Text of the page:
The Leadership Conference on Civil and Human Rights

The Nation's Premier Civil and Human Rights Coalition

The Leadership Conference on Civil and Human Rights  & The Leadership Conference Education Fund
The Nation's Premier Civil and Human Rights Coalition

Preserve Fair Hearings: Oppose Grassley Amendments #21 & #22

Advocacy Letter - 05/21/13

Source: The Leadership Conference on Civil and Human Rights
Recipient: Patrick Leahy and Charles Grassley

The Honorable Patrick Leahy, Chairman
Committee on the Judiciary
United States Senate
Washington, DC 20510

The Honorable Charles Grassley, Ranking Member
Committee on the Judiciary
United States Senate
Washington, DC 20510

Dear Chairman Leahy and Ranking Member Grassley:

On behalf of The Leadership Conference on Civil and Human Rights, a coalition of more  than 200 national advocacy organizations, we urge you to oppose Senator Grassley’s  amendments #21 and #22 to S. 744. These amendments would, respectively, strike Section  2313 in its entirety, or further limit this already very narrow but important provision  allowing immigration judges to keep families together.  

Section 2313 provides limited discretionary authority to immigration judges and officers to  terminate removal proceedings, or waive a ground of inadmissibility or deportability, in  order to avoid hardship to a U.S. citizen or lawful permanent resident (LPR) parent, spouse,  or child, or if the judge determines the alien is eligible for naturalization. This humanitarian  waiver is not automatic, and is not available to anyone who either represents a security threat or has a wide range of serious or minor criminal offenses. It requires the alien to demonstrate  they are eligible, and to show that they deserve a second chance for the sake of their families.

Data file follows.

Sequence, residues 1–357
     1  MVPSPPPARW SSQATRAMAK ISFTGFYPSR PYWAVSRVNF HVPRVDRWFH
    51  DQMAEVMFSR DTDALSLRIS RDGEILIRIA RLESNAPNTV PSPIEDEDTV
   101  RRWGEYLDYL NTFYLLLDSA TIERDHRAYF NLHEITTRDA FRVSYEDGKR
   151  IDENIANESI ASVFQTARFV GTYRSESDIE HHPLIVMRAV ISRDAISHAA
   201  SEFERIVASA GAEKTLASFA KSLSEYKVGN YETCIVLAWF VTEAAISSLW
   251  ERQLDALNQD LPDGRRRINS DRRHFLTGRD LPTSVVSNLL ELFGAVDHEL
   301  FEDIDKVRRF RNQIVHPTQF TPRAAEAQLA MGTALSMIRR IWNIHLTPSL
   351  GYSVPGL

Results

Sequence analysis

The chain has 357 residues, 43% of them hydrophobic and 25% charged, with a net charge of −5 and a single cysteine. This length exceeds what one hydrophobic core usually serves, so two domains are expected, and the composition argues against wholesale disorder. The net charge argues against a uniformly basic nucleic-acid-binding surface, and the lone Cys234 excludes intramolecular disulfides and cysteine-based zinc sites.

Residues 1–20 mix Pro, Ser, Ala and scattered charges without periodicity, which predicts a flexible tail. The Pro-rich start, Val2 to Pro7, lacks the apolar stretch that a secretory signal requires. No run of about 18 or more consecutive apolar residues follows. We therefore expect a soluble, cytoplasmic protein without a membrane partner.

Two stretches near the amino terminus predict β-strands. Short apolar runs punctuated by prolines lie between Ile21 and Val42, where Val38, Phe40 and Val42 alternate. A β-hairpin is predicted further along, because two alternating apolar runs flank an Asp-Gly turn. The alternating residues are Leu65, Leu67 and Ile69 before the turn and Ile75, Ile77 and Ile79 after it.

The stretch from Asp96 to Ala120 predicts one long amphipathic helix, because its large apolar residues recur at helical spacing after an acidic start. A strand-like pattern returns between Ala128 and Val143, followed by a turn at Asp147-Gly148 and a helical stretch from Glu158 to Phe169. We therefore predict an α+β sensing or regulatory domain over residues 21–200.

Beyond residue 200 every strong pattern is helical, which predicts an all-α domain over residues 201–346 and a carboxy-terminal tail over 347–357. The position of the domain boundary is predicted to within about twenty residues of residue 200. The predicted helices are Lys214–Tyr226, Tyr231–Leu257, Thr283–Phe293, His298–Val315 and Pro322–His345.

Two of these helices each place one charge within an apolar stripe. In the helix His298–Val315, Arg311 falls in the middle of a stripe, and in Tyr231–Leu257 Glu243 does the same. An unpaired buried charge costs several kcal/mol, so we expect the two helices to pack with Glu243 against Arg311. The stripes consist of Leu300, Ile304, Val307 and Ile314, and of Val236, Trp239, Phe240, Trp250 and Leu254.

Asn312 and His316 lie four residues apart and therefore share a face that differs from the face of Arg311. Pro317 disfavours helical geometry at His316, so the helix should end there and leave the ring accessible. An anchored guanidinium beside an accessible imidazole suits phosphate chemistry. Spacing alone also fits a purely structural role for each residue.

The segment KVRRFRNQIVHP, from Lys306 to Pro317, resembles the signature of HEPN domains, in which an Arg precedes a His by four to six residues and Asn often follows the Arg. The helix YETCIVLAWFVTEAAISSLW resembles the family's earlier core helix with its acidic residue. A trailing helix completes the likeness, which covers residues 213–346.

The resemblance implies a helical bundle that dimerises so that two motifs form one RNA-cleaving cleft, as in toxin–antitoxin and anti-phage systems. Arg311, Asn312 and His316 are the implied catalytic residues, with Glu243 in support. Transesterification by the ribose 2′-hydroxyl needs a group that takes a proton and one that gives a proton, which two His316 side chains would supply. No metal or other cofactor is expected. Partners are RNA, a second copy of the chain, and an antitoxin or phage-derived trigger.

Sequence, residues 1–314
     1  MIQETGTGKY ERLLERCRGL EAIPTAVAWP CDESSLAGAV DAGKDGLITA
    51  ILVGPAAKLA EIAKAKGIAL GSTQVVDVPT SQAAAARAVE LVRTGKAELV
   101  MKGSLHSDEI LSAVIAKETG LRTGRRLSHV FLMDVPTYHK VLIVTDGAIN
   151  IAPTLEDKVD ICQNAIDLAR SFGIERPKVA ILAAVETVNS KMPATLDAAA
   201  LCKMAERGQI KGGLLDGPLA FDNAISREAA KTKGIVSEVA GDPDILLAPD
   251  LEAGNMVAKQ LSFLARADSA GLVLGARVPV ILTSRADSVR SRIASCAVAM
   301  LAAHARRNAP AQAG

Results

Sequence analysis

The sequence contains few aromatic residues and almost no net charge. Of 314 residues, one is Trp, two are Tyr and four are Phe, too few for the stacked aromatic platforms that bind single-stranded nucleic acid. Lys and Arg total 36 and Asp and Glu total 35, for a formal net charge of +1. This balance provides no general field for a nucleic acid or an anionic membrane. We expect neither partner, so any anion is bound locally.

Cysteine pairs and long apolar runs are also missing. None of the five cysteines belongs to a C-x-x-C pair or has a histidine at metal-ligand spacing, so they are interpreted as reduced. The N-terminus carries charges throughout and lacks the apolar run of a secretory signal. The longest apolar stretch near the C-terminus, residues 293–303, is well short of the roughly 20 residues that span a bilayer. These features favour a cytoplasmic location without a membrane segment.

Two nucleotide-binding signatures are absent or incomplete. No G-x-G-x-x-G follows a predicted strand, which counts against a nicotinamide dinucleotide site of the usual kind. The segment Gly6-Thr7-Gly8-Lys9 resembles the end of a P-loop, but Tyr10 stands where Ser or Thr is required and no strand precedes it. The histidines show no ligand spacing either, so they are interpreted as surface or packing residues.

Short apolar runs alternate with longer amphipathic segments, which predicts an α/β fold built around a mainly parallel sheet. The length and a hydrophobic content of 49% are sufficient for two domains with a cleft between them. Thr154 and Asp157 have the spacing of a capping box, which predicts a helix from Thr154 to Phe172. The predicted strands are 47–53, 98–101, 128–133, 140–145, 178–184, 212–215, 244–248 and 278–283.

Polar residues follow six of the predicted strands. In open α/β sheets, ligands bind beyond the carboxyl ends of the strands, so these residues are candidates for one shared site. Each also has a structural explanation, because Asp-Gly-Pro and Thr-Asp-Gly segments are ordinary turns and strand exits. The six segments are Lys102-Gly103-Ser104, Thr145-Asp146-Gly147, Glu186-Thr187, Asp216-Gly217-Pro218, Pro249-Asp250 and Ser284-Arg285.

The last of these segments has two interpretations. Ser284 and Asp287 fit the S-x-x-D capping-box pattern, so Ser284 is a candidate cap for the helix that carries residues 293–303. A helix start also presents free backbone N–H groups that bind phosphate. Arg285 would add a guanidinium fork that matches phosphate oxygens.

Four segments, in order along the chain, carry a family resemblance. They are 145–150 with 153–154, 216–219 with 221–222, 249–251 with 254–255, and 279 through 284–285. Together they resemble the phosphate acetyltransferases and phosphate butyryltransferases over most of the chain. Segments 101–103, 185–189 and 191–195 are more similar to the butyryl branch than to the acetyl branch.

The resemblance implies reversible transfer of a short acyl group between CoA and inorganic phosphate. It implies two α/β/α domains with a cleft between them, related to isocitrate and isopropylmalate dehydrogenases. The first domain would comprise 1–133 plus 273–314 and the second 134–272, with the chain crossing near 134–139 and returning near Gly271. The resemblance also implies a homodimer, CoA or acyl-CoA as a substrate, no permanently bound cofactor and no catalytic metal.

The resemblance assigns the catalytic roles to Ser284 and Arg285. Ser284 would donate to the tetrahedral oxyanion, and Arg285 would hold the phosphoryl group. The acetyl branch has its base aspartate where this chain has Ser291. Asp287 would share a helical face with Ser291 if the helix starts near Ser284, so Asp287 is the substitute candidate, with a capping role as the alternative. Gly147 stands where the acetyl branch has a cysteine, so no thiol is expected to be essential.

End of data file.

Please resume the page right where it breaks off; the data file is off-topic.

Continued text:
If Section 2313 is struck, as Grassley amendment #21 would do, many people who have  lived here for years and have U.S. citizen or LPR family members would be barred from the  U.S. because of old and minor crimes. Grassley amendment #22, on the other hand, would  leave Section 2313 intact, but it would further erode what is already a very narrow basis for eligibility. Section 2313 is already barred to immigrants with “aggravated felonies” (including offenses that are neither aggravated nor felonies), drug trafficking, human  trafficking, unlawful voting, money laundering, international child abduction, and  prostitution rings, as well as the criminal street gang inadmissibility ground. Grassley amendment #22 would expand this list to include, among other things, the criminal street gang deportability ground and the inadmissibility ground for three DUI offenses.

Either amendment would prevent immigration enforcement officers and immigration judges from doing their job: using their best judgment to carefully make tough decisions that will have serious consequences on the lives of immigrants and their families. Our current immigration system already ties decision makers’ hands all too often, and it has produced countless unfair or even absurd results for immigrants facing deportation – regardless of how long they have lived here and how strong their family and community ties have become.

Our opposition to Grassley amendments #21 and #22 does not mean that we condone or minimize any criminal offense. If someone poses a danger to public safety, he or she should not receive discretionary relief. Yet history has been replete with abuses and overreaching in our nation’s criminal justice system,  and it should be abundantly clear by now that a “one size fits all” or “mandatory” approach to criminal justice matters is all but certain to produce inhumane results. Indeed, Congress wisely recognized this  several years ago when it enacted the “Fair Sentencing Act of 2010,” with the strong bipartisan leadership  of this Committee.

For these reasons, we urge you to oppose Grassley amendments #21 and #22. If you have any questions,  please contact Rob Randhava, Senior Counsel, at (202) 466-6058 or randhava@civilrights.org.


Wade Henderson, President & CEO

Nancy Zirkin, Executive Vice President

Our Members